Tuesday, April 27, 2021
Second Circuit Recognizes Standing for Increased Risk of Identity Theft for Unauthorized Data Disclosure
The Second Circuit recognized that plaintiffs in an unauthorized-disclosure-of-data case may have standing based on an increased risk of identity theft. In so ruling, the Second Circuit joins several other circuits in recognizing standing based on an imminent risk of identity theft in data breach cases. (At least three circuits have suggested that there's a split on the issue, but the Second Circuit denied that, saying that "in actuality, no court of appeals has explicitly foreclosed plaintiffs from establishing standing based on a risk of future identity theft--even those courts that have declined to find standing on the facts of particular cases.")
At the same time, the court held that the particular plaintiffs in the case failed sufficiently to establish such an injury.
The case, McMorris v. Carlos Lopez & Associates, LLC, arose when an employee at CLA accidentally sent out an e-mail to all employees that included Social Security Numbers, dates of birth, and other personal information of current and former employees. Three individuals filed a class-action against CLA. As the parties moved toward settlement, the district court ruled that the plaintiffs lacked standing.
The Second Circuit recognized that plaintiffs in a case like this could have standing. The court looked to three non-exhaustive factors in sorting this out: "(1) whether the plaintiffs' data has been exposed as the result of a targeted attempt to obtain that data; (2) whether any portion of the dataset has already been misused, even if the plaintiffs themselves have not yet experienced identity theft or fraud; and (3) whether the type of data that has been exposed is sensitive such that there is a high risk of identity theft or fraud."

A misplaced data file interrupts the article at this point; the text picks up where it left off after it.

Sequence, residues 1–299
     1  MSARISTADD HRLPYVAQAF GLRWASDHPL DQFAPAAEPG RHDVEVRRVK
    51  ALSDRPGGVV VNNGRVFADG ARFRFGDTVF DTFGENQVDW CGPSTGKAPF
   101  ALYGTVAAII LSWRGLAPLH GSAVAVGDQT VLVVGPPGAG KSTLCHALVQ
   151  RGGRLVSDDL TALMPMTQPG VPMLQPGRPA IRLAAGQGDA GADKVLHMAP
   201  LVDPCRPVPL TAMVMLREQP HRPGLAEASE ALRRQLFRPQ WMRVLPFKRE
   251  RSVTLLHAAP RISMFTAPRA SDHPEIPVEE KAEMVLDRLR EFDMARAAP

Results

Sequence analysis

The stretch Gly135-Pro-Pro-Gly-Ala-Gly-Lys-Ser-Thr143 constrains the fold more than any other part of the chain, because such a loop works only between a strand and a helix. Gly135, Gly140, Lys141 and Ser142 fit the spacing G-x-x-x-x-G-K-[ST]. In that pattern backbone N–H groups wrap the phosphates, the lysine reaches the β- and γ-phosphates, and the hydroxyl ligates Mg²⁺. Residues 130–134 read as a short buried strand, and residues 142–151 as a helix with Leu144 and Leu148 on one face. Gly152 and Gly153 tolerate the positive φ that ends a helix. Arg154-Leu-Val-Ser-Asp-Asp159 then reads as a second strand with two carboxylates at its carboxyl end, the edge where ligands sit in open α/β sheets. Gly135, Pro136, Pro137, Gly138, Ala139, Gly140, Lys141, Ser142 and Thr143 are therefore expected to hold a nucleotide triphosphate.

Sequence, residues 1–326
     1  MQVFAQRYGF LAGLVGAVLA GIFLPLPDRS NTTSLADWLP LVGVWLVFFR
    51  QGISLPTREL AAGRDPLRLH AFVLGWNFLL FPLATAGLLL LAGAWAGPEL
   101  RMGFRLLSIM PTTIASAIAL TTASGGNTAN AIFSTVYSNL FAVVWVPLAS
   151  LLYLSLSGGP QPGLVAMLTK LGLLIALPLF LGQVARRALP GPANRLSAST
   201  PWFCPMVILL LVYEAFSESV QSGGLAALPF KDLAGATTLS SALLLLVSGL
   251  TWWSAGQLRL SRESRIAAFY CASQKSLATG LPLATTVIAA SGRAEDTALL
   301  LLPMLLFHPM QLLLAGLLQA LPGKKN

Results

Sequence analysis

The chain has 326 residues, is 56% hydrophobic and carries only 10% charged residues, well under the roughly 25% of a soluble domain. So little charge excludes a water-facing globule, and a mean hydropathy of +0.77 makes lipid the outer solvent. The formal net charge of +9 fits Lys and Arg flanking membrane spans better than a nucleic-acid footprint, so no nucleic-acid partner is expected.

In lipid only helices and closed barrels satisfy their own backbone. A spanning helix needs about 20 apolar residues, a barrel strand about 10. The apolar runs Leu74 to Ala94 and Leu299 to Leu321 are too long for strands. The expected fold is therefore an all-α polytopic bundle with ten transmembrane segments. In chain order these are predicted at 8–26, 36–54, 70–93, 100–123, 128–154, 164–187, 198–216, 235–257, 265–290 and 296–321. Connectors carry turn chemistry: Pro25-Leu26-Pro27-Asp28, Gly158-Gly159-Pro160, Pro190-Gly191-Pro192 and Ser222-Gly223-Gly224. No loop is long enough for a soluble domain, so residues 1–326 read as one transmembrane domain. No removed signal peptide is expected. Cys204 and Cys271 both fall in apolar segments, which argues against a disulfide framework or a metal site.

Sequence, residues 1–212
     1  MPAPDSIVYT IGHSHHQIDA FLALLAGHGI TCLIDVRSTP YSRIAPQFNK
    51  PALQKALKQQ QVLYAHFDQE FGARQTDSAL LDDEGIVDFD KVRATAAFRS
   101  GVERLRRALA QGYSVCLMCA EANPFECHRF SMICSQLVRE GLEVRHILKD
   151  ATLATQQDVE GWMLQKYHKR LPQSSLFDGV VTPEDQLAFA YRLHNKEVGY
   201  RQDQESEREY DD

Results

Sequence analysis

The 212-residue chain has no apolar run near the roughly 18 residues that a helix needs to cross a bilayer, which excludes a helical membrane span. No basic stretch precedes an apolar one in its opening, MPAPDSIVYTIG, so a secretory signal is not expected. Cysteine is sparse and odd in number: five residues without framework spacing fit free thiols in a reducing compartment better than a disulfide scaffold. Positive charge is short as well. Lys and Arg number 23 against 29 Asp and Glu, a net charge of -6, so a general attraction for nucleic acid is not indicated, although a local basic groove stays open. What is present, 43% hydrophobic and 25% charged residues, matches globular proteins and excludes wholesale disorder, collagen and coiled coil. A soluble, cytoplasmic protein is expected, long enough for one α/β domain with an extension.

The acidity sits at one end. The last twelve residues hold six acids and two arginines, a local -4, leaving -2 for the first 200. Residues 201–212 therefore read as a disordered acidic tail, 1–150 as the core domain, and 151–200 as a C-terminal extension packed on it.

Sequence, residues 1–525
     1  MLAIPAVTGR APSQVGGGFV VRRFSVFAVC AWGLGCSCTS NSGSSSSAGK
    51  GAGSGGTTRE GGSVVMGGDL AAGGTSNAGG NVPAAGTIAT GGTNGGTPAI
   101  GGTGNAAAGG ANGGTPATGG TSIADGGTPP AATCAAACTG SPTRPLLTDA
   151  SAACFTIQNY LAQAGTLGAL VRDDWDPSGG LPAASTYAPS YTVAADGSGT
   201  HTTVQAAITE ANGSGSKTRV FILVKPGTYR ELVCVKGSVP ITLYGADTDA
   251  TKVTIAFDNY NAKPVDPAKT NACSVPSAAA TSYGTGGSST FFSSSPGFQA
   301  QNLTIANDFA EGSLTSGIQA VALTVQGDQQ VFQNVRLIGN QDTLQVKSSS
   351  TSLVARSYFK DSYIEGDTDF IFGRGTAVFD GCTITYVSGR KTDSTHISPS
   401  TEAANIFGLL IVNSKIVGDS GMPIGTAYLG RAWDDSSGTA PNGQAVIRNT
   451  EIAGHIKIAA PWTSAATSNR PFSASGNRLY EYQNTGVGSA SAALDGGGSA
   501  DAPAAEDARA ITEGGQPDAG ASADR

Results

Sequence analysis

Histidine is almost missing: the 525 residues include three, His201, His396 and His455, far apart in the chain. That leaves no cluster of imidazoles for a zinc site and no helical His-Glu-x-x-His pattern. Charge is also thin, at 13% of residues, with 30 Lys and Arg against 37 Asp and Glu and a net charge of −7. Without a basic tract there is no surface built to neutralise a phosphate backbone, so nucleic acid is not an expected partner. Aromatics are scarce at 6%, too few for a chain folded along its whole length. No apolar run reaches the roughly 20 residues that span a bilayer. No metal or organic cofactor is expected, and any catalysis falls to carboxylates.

The court ruled that the plaintiffs in this case, however, failed to establish imminent harm of identity theft.
The court also rejected the plaintiffs' theory that the data breach caused them to take action to protect themselves against identity theft. The court said that the plaintiffs had to allege a substantial risk of future identity theft in order to use their protective actions as a basis for standing. If it were otherwise, the court said, plaintiffs could harm themselves into standing based only on fears of hypothetical future injuries.